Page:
Immigrants trust the state and the police more than Swiss locals

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Immigrants trust the state and the police more than Swiss locals
Swiss Federal Councillor and Minister for Foreign Affairs Ignazio Cassis (R) and Italian Minister of Foreign Affairs Luigi Di Maio (L) salute border police. Photo: Alessandro Crinari / POOL / AFP

Immigrants to Switzerland have a higher degree of trust in state entities and the police than locals, a new report has found.


The report, compiled by Switzerland’s Federal Statistical Office, found that immigrants to Switzerland had a higher level of trust in the state and state entities like the police. 

While only 41 percent of Swiss trust the political system, 53 percent of immigrants say they have trust in politics.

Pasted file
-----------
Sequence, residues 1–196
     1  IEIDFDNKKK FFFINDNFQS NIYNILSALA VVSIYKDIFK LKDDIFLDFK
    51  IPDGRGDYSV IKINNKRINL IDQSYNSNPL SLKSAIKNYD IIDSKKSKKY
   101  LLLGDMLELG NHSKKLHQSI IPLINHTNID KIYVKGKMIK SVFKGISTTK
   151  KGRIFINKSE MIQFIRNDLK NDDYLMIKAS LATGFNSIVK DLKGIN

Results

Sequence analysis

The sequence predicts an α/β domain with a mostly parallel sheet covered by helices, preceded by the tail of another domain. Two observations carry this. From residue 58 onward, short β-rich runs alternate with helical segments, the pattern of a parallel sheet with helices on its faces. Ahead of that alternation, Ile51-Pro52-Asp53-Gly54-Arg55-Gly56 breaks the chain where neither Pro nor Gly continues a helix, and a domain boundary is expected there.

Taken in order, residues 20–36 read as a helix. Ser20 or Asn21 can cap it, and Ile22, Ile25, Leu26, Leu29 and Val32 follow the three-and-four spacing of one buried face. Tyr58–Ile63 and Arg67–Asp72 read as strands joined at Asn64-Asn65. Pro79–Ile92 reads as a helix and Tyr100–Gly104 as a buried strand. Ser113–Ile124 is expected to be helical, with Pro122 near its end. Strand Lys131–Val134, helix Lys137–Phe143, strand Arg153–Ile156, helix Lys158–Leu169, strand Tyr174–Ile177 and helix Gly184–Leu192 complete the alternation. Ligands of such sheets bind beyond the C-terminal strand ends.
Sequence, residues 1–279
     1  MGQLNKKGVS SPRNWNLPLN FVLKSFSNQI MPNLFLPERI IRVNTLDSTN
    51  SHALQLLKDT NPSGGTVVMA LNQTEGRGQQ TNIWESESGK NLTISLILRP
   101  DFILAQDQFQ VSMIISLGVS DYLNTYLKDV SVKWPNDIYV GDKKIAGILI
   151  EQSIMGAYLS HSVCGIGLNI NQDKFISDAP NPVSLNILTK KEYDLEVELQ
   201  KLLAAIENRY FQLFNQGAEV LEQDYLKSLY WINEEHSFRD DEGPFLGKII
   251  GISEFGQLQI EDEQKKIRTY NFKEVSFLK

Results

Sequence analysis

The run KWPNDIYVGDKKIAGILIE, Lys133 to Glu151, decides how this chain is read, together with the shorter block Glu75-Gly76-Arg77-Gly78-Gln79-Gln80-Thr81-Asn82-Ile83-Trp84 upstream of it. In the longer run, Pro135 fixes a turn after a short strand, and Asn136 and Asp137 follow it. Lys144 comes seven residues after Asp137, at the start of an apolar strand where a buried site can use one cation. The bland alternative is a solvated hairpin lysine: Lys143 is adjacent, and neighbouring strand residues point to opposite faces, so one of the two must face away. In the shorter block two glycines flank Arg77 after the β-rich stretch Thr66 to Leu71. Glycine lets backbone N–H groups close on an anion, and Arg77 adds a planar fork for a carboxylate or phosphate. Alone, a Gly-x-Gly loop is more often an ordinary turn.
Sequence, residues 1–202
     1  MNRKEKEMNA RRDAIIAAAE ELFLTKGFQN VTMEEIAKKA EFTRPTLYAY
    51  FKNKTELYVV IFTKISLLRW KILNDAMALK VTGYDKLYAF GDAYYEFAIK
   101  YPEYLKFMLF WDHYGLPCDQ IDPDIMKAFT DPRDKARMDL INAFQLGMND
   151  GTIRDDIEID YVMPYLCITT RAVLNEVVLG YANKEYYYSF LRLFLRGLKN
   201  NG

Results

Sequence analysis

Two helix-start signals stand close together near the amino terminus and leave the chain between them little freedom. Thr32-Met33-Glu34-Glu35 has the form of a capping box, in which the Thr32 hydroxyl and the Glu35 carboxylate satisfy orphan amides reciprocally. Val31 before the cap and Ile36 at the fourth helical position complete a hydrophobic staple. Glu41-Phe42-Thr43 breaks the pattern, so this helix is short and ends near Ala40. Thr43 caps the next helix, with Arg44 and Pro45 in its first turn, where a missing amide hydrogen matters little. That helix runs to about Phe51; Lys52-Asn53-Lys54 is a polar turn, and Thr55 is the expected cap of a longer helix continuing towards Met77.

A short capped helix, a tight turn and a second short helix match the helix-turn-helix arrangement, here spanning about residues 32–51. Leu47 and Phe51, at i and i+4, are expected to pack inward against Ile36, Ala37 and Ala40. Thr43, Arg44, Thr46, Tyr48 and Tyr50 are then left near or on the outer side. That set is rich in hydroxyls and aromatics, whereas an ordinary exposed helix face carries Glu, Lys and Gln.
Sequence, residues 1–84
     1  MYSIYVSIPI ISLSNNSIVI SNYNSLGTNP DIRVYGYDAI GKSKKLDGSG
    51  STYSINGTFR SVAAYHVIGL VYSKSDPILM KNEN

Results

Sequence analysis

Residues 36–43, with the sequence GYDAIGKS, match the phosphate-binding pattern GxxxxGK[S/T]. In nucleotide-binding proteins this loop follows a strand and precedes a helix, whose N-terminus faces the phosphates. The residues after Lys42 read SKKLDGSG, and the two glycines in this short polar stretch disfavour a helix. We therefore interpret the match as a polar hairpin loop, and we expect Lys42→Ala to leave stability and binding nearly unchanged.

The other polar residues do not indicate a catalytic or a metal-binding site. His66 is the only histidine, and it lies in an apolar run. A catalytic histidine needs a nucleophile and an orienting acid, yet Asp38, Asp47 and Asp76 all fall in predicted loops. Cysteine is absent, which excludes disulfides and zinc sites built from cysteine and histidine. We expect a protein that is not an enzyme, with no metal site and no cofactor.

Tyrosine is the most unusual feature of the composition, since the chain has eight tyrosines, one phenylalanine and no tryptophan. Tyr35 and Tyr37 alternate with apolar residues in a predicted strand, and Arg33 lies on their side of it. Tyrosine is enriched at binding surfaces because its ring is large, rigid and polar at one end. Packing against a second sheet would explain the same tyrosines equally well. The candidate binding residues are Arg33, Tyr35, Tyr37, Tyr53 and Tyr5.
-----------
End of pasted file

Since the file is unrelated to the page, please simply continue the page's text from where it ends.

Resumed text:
READ: Immigrants twice as likely to struggle financially as Swiss

Both Swiss locals and immigrants have a higher level of trust in police than they do in the political system, although immigrants still had more trust for police. 

In total, 65 percent of locals said they trust the police, compared with 70 percent of foreigners or immigrants. 


Broad agreement on equal opportunity

Immigrants and locals largely agree on the need to ensure equal opportunities for everyone in Switzerland regardless of their backgrounds. 

Three-quarters of immigrants (75 percent) and 68 percent of locals said everyone in the country should have the same access to opportunities. 

Locals vote more frequently

Switzerland, with its regular referenda and representative elections, is known for going to the polls frequently. 

This seems to be better understood among locals, of whom 67 percent participate in elections regularly. 

'I pay taxes but have no say in Swiss life': Your views on whether Switzerland should allow all foreigners to vote 

Among foreigners eligible to vote, 60 percent vote regularly. 





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